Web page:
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Very early after the discovery of the first manuscripts of Qumran in Cave 1, the scholars were agree to describe the Essene world‑view as dualistic. The close study of each document reveals today a more complicated literary situation. The manuscripts of Qumran attest to three kinds of dualism : cosmic dualism, relative dualism, and human dualism. This taxonomy is not to take too strictly because the dualisms can be combined inside a text to reinforce and justify the Essene world‑view, especially the sectarian perspective. The combination is also a proof of the multiple state of dualism in Ancient Judaism. Moreover, we note the relationship between dualism and apocalypticism. The apocalyptical literature may be a source of diffusion of different types of dualism.
92. Chôra: Volume > 13 > Issue: Supplement
Fabienne Jourdan Plutarque développe‑t‑il réellement une pensée dualiste ?
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Plutarch is often seen as a dualist philosopher. Yet, when one studies the texts which are most often quoted to back such an opinion, the so‑called dualist doxographies in De Iside et Osiride and in De animae procreatione, one is actually lead to think otherwise. When they are replaced in their context, it so happens that these texts describe the conditions to obtain harmony and the mixing of the contraries which are both necessary to the birth and to the very existence of the universe. However, harmony and mixing cannot be obtained without the receptacle of the contraries that constitute them. Far from being a simple intermediary, this receptacle, which takes different aspects in the different treatises, is indeed a constituent principle according to Plutarch. Without it, there can be neither encounter nor opposition of the contraries, and so, paradoxically, precisely because it is a guarantee of dualism, it makes dualism disappear. Dualism then turns out to be a mere preparatory step in the elaboration of a really triadic philosophy.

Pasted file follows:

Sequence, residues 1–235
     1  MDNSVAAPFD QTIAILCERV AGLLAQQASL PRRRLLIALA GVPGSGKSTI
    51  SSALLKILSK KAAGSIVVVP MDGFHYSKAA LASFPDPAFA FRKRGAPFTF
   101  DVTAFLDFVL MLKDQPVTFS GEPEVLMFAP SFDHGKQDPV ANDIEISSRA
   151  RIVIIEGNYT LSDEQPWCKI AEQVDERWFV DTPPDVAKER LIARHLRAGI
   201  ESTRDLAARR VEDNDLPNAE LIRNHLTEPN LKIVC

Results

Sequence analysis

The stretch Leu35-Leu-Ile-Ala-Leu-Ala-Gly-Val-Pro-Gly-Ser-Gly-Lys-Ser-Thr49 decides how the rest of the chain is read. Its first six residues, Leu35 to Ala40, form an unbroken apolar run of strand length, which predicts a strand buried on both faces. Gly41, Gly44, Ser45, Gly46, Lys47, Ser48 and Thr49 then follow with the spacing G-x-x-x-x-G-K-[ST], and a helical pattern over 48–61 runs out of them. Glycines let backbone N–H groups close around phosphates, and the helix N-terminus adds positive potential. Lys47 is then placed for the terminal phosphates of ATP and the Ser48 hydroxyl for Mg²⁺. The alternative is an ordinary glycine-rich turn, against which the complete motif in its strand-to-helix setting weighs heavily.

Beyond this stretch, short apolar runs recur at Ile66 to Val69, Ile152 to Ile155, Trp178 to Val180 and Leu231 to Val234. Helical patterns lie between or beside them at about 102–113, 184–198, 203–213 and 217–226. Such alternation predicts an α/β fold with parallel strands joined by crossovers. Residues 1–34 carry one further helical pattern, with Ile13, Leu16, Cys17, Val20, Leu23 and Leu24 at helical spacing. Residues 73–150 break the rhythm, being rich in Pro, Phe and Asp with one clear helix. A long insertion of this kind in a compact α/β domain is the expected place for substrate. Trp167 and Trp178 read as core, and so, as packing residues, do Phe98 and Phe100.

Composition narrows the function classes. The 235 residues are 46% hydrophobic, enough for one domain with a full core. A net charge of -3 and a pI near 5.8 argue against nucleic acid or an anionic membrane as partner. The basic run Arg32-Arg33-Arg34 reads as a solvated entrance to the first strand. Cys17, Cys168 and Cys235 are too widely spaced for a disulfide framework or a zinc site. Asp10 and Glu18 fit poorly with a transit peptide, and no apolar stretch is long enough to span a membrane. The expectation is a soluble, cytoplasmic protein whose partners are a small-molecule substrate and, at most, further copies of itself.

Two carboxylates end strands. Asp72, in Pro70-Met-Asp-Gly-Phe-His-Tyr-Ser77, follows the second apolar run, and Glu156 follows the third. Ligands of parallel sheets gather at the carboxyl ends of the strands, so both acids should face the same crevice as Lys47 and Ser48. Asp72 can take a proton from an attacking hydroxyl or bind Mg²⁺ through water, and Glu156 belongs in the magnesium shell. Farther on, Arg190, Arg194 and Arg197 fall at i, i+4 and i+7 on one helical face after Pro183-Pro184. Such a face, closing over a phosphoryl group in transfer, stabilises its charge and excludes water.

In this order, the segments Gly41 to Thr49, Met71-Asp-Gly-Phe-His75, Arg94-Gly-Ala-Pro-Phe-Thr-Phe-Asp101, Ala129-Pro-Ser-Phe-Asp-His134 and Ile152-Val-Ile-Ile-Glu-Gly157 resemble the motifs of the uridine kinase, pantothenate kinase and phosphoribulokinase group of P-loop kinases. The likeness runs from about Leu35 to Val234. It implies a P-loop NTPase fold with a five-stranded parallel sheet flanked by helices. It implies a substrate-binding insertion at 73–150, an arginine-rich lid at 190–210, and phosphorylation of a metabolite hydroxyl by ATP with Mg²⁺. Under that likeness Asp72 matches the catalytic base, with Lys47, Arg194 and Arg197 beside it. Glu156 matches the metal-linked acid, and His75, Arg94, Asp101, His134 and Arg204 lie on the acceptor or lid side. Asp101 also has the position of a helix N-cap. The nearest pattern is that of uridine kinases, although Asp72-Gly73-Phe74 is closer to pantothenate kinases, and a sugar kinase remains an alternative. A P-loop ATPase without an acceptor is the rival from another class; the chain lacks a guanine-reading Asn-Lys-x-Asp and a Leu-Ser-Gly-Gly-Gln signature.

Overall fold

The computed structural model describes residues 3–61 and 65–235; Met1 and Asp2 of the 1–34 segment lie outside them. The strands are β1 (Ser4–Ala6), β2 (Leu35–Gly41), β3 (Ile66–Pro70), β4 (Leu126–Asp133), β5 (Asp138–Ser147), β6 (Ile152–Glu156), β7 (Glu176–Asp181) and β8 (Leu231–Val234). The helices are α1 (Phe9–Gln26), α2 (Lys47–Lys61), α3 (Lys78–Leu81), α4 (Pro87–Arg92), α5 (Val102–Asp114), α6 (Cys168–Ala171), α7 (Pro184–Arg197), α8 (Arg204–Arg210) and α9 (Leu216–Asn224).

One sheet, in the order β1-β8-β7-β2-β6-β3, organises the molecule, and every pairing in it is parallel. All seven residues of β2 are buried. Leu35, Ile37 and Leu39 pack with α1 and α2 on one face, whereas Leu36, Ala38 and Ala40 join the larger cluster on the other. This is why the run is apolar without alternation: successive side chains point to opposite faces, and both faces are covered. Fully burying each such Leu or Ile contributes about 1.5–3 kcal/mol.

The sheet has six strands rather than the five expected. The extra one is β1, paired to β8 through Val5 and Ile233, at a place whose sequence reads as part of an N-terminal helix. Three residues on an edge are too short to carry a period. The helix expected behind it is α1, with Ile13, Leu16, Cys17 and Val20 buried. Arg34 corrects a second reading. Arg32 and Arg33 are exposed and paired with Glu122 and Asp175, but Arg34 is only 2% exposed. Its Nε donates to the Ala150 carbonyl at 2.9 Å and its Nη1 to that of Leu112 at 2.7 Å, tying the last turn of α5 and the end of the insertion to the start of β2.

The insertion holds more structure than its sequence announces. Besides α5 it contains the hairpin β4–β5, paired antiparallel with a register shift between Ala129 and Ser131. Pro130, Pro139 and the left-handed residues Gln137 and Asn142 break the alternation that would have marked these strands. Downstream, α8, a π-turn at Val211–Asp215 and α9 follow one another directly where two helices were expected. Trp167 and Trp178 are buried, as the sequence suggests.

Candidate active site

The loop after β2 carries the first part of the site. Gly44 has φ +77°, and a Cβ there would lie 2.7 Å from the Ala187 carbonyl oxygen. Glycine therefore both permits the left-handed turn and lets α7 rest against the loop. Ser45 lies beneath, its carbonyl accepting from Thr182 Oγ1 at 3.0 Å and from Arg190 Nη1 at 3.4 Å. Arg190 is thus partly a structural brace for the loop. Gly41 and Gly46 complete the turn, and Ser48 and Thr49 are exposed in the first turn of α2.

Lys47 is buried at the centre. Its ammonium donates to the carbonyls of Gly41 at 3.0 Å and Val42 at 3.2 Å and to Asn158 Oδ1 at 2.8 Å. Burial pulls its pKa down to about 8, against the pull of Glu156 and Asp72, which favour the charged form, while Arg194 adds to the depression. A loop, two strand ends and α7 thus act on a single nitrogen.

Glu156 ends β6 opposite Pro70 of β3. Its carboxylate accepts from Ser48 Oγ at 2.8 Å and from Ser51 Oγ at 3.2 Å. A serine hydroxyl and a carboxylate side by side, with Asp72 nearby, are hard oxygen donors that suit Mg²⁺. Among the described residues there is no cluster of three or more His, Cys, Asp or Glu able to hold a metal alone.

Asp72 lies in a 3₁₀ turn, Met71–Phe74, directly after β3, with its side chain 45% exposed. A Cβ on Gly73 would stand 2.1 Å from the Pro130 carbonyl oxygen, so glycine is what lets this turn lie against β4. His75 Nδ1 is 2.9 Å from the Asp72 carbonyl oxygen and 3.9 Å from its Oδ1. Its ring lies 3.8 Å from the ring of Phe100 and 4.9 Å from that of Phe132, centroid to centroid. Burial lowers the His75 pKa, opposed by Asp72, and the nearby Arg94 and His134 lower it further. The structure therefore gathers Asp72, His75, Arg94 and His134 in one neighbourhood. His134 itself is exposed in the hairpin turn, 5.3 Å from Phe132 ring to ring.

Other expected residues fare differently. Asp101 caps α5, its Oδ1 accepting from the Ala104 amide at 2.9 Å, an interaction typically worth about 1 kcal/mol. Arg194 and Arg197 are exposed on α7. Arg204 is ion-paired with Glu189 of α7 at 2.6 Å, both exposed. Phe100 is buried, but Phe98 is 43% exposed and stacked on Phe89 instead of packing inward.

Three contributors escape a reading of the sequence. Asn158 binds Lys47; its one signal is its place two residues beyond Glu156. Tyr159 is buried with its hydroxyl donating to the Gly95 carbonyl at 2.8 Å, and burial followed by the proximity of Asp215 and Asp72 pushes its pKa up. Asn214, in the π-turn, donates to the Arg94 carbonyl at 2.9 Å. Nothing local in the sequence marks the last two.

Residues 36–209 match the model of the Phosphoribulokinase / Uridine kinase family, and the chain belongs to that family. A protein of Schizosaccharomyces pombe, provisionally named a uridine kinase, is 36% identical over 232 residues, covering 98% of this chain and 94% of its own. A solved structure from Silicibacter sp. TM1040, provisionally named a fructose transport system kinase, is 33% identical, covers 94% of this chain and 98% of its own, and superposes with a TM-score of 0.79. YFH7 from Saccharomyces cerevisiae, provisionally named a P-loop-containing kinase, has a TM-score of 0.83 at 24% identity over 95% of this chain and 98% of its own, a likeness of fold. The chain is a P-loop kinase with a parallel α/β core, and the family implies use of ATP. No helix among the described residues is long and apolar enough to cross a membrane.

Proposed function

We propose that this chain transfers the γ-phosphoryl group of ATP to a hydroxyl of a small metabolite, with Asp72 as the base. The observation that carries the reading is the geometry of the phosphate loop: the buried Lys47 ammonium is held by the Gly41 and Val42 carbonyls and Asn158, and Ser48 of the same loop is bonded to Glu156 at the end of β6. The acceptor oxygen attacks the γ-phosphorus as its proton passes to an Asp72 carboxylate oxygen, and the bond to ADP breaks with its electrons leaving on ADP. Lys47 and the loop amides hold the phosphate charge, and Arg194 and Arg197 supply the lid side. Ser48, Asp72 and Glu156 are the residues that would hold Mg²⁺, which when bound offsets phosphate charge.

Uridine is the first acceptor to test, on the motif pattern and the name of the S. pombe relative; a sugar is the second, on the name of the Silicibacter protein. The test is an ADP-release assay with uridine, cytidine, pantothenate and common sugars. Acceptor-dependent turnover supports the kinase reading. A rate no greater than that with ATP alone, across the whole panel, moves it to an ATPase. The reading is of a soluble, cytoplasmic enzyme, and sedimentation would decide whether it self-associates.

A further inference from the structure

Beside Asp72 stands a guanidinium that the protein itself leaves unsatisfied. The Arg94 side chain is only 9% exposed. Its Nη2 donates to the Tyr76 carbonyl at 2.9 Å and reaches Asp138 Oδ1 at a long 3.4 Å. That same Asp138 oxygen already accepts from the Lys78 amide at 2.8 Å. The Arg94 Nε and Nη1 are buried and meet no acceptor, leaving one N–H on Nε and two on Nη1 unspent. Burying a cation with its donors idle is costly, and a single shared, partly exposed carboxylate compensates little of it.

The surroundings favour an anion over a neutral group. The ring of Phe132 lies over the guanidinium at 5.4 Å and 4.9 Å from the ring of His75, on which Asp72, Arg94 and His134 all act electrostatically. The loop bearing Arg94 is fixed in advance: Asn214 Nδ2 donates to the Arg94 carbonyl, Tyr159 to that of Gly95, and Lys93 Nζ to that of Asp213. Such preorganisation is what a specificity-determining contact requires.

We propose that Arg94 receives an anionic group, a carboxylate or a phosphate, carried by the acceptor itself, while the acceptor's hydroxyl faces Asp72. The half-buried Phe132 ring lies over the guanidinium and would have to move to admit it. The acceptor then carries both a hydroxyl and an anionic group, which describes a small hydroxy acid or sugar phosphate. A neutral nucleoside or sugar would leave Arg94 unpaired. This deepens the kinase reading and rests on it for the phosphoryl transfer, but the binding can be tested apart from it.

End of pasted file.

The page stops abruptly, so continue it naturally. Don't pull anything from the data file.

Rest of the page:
93. Chôra: Volume > 13 > Issue: Supplement
Lucia Saudelli, Adrien Lecerf Matiere «issue du Pere» ou matiere «primordiale» ?: (réponse a H. Seng)